Studebaker serenades


By definition, Thomas Studebaker is an impressive man.

Standing at 6 feet 4 inches, Studebaker, a voice professor, has a commanding physical presence.

But what is even more outstanding about him is his wealth of experience in the opera world.

Born in Danville, Illinois, Studebaker has lived all around the country, including Pennsylvania and New Jersey.

He recently moved from Tennessee to Indiana with his wife, son and daughter to teach full-time at Butler.

As the director of Butler University Opera Theatre, Studebaker is currently preparing for the ensemble’s upcoming concert.

Studebaker has performed in innumerable operas and concerts across the United States, Europe and Asia throughout his career as a singer.

******Studebaker is featured in the video above. 

“Last time I counted, I have sung in 19 countries and been to 21,” he said. “But if you count the countries I have been through on a train, it would be more. But I only say I have been to a country if I have stepped on the dirt.”

One of his favorite European experiences was singing in an audition for the grandson of the renowned composer Richard Wagner.

But his absolute favorite experience had nothing to do with music, he said.

Instead, “it was spending time in Bavaria seeing Ludwig’s castles,” revealing his love for a dramatic, enchanting atmosphere.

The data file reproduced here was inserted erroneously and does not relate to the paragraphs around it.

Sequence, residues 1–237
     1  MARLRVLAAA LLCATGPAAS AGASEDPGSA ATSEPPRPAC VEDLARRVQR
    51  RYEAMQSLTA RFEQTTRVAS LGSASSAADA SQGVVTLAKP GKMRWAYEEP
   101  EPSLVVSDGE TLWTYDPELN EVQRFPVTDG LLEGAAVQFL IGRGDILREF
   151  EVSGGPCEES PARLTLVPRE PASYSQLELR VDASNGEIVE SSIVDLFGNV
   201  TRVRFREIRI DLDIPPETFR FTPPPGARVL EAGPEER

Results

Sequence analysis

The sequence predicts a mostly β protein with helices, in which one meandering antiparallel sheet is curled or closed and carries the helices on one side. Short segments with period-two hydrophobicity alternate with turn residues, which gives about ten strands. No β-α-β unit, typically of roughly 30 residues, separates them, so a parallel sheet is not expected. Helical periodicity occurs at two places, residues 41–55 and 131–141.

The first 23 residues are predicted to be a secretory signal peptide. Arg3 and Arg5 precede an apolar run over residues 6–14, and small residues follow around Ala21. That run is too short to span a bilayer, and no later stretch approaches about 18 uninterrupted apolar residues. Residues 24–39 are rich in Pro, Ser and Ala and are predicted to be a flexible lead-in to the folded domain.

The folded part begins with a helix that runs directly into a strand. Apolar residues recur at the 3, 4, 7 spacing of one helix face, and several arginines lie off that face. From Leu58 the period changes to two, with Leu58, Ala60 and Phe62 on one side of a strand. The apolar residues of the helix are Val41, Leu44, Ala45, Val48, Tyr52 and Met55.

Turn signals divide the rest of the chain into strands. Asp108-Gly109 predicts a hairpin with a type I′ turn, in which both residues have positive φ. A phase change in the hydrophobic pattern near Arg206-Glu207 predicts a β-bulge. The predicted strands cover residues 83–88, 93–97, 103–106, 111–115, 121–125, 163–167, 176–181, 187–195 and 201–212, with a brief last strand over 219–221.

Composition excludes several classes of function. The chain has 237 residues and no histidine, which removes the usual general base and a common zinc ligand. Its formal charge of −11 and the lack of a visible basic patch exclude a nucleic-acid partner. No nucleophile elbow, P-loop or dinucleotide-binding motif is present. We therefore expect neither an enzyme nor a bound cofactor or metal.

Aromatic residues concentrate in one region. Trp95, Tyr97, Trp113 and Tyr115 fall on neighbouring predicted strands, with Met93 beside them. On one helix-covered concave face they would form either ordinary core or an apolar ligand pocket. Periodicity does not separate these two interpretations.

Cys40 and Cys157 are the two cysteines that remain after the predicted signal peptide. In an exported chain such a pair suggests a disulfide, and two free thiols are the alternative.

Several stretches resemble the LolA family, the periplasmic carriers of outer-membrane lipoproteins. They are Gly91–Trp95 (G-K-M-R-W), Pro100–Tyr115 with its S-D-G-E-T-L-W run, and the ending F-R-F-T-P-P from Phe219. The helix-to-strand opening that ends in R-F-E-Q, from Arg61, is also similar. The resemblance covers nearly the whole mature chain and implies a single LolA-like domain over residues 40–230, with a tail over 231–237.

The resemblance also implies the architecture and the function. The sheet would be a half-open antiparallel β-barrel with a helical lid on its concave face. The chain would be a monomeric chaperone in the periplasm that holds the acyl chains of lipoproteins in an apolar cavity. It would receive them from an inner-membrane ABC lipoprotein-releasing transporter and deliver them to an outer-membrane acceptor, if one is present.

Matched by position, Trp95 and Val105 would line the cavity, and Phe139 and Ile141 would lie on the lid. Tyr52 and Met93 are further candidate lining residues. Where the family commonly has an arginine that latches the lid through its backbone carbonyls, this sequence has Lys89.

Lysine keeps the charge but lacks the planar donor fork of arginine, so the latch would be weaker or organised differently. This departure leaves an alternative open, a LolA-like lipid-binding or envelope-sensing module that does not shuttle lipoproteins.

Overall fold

Studebaker also noted that participating in the Cardiff Singer of the World competition in Wales in 1999 was a highlight of his European singing adventures.

Studebaker won his division in the competition and took home a treasured goblet of rare Welsh Crystal. This award is only attainable as a gift from the royal family.

But a real crowning jewel for an opera singer is to sing at the Metropolitan Opera, for which Studebaker has both studied and performed.

“My favorite roles with the Met were operas by Wagner: Heinrich der Schreiber in ‘Tannhäuser’ and Augustin Moser in ‘Die Meistersinger von Nürnberg,’” Studebaker said.

Despite Studebaker’s success, one does not earn the right to these experiences overnight.

Opera singing is a fine art that requires a lot of training and education, to which Studebaker’s life attests.

Studebaker (middle) at the Metropolitan Opera following a performance of Wagner’s Die Meistersinger von Nürnberg.

Studebaker (middle) at the Metropolitan Opera following a performance of Wagner’s Die Meistersinger von Nürnberg.

“Singing at the Met makes you realize all the hard work you have put in over the years has paid off,” he said.

After completing his graduate studies at the Curtis Institute of Music, one of the most prestigious musical conservatories in America, Studebaker was accepted into the preeminent Young Artist Program at the Met before launching his performing career.

Affectionately called “Studes” by his students, Studebaker imparts all of his performing experience in his teaching.

After a semester of rehearsals for the ensemble, Studebaker said he is confident that the theatre’s upcoming recital will be phenomenal.

The concert will consist of selections from classic operas such as “La Bohème,” “L’elisir d’amore” and “Così fan tutte,” to name only a few.

Performances will be on March 27 and March 28 at 7:30 p.m. and March 29 at 3:00 p.m.  Tickets are free to students with a Butler ID.